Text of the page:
March 7, 2022 – A new global study conducted by Ipsos in collaboration with the Global Institute for Women’s Leadership at King’s College London for International Women’s Day shows that, on average, across 30 countries:
- People believe that women are more likely to be judged in the workplace in relation to family and caring responsibilities, and just under half think workplaces treat men and women equally
- Men are less likely to recognize issues facing women, including institutional bias, and more likely to think educational and health services treat women better than men
While the proportion of people defining themselves as “feminists” has increased, opposition to feminism persists, particularly among men
The proportion of adults who agree with the statement “I define myself as a feminist” has increased since it was last measured by Ipsos in 2019. In 2022 a global country average of 40% agree compared with 33% in 2019. This represents a return to the levels seen in 2018 when 37% agreed.
- Globally, almost half of women (47%) define themselves as feminists compared to one-third of men (32%).
- The prevalence of feminist identification in the United States is close to the global average: 38% of U.S. adults define themselves as feminists, including 44% of women and 32% of men.
- Among Americans, feminist identification is highest among Democrats (60%), Gen Zers (59%), and business decision-makers and professionals (51%) and lowest among Republicans (21%) and Gen Xers (28%).
The findings show that there is a risk of progress on gender equality stalling as almost half of those surveyed across the world (global country average of 47%) and one-third in the U.S. (34%) think things have gone far enough when it comes to giving women equal rights with men, in line with survey findings from 2020 (48% and 33%, respectively).
- Men are more likely to agree than women (52% vs. 43% globally, 39% vs. 30% in the U.S.). Of note, younger people are more likely to agree, both globally and in the U.S.
- Men are more likely to agree that gender inequality doesn’t really exist than women (21% vs. 14% globally, 22% vs. 13% in the U.S.). In several countries, the proportion of men who agree is double the proportion of women (including Australia, 30% vs. 14%; Romania, 27% vs. 13%; and Russia, 30% vs. 12%).
Workplace bias relating to caring responsibilities seems to be hitting women hardest, but flexible working policies would benefit both women and men
While some countries’ national statistics have shown a decline in birth rates during the COVID-19 pandemic, there is a range of reasons leading to people choosing not to have children in the last two years. Most commonly among those under 50 globally, financial concerns are most cited as a barrier (selected by a global country average of 26%), followed by being single (19%), and the COVID-19 pandemic (14%). Other factors include existing caring responsibilities (13%), concerns due to political instability in the country (10%), children not fitting into one’s lifestyle (10%), and wanting to complete educational studies or qualifications (10%).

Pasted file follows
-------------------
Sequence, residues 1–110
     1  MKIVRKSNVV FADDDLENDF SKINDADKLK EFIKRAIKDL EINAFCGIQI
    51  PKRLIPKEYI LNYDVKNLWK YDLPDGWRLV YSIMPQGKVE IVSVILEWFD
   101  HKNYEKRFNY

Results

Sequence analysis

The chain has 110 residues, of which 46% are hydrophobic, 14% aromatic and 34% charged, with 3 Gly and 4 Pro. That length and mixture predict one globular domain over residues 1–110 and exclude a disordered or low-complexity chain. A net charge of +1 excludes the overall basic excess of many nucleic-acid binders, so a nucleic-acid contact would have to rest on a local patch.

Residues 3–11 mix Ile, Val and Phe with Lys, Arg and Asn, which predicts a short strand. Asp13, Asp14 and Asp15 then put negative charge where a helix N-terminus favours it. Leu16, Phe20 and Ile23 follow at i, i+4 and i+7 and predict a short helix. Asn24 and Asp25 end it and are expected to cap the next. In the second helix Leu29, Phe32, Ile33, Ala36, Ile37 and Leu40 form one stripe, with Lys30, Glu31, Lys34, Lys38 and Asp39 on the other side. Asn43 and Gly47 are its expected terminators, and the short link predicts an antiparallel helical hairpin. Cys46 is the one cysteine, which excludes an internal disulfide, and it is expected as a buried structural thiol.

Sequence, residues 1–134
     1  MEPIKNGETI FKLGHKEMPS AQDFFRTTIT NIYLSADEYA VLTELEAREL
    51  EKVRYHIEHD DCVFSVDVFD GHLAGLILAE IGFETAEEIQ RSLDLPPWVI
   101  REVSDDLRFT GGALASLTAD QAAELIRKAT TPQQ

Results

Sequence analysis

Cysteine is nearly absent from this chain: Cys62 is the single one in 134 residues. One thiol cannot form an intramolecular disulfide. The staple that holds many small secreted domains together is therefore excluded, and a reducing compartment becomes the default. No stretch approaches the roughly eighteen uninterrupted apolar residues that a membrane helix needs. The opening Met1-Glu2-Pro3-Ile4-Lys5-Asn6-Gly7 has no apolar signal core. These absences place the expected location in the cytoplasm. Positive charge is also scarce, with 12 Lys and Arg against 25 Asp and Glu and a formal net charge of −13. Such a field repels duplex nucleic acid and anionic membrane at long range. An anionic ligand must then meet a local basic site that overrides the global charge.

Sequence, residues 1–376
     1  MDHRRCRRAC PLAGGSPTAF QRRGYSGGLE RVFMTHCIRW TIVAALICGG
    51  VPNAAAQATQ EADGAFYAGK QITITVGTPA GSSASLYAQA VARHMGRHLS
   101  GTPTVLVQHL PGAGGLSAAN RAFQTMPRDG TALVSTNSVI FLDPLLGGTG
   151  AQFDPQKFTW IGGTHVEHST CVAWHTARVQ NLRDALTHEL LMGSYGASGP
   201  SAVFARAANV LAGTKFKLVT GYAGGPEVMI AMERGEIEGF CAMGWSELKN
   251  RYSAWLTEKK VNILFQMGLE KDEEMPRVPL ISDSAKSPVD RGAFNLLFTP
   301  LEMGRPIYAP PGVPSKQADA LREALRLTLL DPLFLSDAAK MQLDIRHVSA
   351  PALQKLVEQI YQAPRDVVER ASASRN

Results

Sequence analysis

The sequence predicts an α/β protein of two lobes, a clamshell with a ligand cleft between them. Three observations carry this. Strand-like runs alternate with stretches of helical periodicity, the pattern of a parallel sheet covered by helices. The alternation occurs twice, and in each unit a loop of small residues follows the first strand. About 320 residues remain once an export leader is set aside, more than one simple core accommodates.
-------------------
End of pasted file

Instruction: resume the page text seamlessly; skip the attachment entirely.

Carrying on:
- When comparing participants of all ages, there is very little difference in the responses of men and women; for example, men and women are equally likely to select concerns about the impact on their career (6% each).
When thinking more broadly about gender in the workplace:
- There has been a marginal increase at the global level in the proportion of people who think workplaces in their country treat men and women equally: from 41% in 2020 to 44%. In the U.S., it went from 36% to 38%, which is not statistically significant.
- Men continue to be more likely than women to agree than women (51% vs. 35% globally, 51% vs. 26% in the U.S.)
- When given a list of activities that could be damaging to someone’s career, the areas people think are most likely to impact a woman’s career more than a man’s career are:
- Having childcare responsibilities come up during the working day (globally, 35% think it will damage a woman’s career more vs. 9% a man’s career more; in the U.S., 38% vs. 6%),
- Having other caring responsibilities come up during the working day (globally, 28% more damaging for women vs. 9% more damaging for men; in the U.S., 32% vs. 6%),
- Prioritizing family over work (globally, 28% vs. 10%; in the U.S., 27% vs.9%).
Globally and in the U.S., women are about twice as likely as men to consider that these activities are more likely to damage a woman’s career than a man’s.
- One-quarter of all those surveyed globally (30-country average of 25%) and one-fifth in the U.S (19%) say childcare or caring responsibilities have prevented them from applying for a job or promotion or have caused them to leave or consider leaving a job, with women more likely to be affected than men (31% vs. 19% globally, 25% vs. 14% in the U.S). More specifically:
- 18% of women globally and 16% in the U.S. say caring responsibilities have prevented them from applying for a job or promotion.
- 10% both globally and in the U.S. say childcare or other caring responsibilities have led them to leave a job
Despite these gendered differences, men and women’s prioritization of flexible working options is very similar. On average across the 30 countries surveyed:
- 38% (36% in the U.S.) would like to have more flexibility in when they start and finish work,
- 31% (27% in the U.S.) would like more flexibility in their work location,
- 26% (21% in the U.S.) would like to work fewer hours per week, and
- 25% (29% in the U.S.) would like to work their hours in fewer days.
People are most likely to see institutions as treating men and women equally, although institutional bias is recognized – most commonly against women
When asked whether different institutions treat women better, worse, or about the same as men, generally people across the world are most likely to think institutions treat women and men equally. However, women feel there is more institutional bias against women than men do. Globally: